As his friend Alice looks on with alarm, Simon becomes increasingly worried about his sister. Could there be a curse on Simon's family? What does it have to do with the book, and can he get to the heart of the mystery in time to save Enola?

(37)Review: Simon seems like a very sad character.  He has lived in the same town his entire life, his mother committed suicide when he was young and his father wasted away until his death leaving Simon to care for his sister Enola. Simon's house is falling into the sea and he just lost his job, when he receives a mysterious book in the mail, the book holds secrets that seem to pertain to his family.

As Simon starts to peel away the layers of his family the story more and more mysteries are uncovered. Is there a curse on the women in his family? Why have so many of them drowned when their gifts have always included the ability to hold their breath for up to 10 minutes under water?

As the mystery of the book, the past and family ties unravel Simon finds himself more and more trapped in the need to learn more while his house continues to fall apart around him and his sister begs him to leave the past alone and leave the place they once called home.

Simon's sister Enola works for the Carnival following in the footsteps of countless members of their family. Her boyfriend, Doyle, is tattooed with tentacles all over his body leaving him with a mysterious and somewhat scary appearance.  Doyle is wiser than he appears and his charms shines through the pages leaving him as one of the brighter and more vibrant characters in personality and appearance.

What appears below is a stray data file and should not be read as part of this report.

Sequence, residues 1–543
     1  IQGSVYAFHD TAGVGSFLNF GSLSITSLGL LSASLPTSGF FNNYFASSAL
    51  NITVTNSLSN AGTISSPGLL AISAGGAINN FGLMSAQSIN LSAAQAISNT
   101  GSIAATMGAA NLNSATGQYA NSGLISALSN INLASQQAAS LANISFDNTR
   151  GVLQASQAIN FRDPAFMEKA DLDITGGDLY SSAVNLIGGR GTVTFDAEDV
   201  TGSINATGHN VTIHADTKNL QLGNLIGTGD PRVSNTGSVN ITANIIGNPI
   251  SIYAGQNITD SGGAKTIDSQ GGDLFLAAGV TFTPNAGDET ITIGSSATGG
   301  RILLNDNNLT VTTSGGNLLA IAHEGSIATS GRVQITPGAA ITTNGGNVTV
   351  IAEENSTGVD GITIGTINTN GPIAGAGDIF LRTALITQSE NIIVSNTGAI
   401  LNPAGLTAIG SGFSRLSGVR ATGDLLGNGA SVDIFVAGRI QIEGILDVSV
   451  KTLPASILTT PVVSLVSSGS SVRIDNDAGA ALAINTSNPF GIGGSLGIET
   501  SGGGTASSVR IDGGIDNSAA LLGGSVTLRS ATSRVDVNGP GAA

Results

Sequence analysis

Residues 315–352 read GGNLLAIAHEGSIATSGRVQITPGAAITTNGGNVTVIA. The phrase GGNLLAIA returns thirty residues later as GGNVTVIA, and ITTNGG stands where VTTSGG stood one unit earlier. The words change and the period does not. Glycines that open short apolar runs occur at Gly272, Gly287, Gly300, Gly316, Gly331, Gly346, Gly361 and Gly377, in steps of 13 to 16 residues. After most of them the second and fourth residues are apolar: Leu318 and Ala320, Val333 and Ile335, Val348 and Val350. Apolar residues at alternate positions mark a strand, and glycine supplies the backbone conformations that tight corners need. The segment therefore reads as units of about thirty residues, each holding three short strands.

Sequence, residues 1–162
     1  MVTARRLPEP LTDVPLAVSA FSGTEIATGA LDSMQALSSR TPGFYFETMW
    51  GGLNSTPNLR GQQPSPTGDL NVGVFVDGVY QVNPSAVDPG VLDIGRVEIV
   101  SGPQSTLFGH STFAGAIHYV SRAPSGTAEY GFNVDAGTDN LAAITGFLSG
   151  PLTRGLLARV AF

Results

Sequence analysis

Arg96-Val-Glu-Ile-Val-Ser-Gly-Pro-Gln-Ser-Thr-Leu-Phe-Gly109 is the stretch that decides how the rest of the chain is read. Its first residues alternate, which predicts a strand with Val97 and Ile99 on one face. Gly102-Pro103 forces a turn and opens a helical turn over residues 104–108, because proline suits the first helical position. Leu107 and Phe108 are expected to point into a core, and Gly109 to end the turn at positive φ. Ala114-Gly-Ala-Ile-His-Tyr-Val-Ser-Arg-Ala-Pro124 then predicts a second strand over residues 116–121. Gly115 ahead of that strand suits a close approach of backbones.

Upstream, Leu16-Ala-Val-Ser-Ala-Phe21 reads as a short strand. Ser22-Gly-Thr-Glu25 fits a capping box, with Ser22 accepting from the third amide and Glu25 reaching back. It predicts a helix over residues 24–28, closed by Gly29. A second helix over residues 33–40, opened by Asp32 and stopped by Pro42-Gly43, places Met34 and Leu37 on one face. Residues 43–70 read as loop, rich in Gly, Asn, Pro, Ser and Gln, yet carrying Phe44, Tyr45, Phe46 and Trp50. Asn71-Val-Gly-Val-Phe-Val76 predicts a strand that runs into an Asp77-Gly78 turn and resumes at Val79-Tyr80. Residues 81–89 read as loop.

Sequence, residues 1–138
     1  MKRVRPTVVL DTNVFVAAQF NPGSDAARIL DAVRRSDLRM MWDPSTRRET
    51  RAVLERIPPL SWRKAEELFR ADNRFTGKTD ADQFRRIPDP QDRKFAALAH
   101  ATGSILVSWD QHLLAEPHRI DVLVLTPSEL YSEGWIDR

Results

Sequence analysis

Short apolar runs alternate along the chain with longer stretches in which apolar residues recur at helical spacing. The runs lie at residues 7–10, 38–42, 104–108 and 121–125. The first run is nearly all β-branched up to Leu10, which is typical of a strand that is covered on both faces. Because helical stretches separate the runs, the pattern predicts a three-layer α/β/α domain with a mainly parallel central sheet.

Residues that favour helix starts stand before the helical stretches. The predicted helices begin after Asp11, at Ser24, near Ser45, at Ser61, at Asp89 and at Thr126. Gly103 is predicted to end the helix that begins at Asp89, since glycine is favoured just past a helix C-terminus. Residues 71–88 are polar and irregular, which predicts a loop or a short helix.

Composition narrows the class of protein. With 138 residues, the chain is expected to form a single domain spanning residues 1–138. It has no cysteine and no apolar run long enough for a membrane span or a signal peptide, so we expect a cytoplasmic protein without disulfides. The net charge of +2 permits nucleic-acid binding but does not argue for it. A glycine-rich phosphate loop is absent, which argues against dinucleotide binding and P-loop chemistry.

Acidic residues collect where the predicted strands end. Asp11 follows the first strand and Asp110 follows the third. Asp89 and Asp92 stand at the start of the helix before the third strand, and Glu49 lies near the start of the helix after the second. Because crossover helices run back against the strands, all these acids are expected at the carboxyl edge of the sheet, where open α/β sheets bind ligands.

Woven in with Simon's story is the story of Amos, the mute tarot card reader from a carnival from the 1700's. The carnival seems to have been struck with mysterious disasters and the book that Simon is investigating seems to be from the owner of this carnival and might hold information regarding the start of the mysterious deaths that plague Simons family.

I really enjoyed this book, by about halfway through I found that I had a hard time putting it down where before that I just was having a good time reading it, then I got sucked in to the point of being obsessed, a dog with a bone or rather Simon with a mysterious book.

Thursday, June 18, 2015

Author Guest Post: Steven Rappaport author of If Jack Had & Giveaway

I am happy to have Steven Rappaport guest post to ReadingGrrl.com! I posted a review of If Jack Had on June 2, you can find the review here.

Steven Rappaport, age 68, has been a stock trader, pot dealer, itinerant hippie peddler, cab driver, retailer, and is currently a successful commercial real estate salesperson in Manhattan.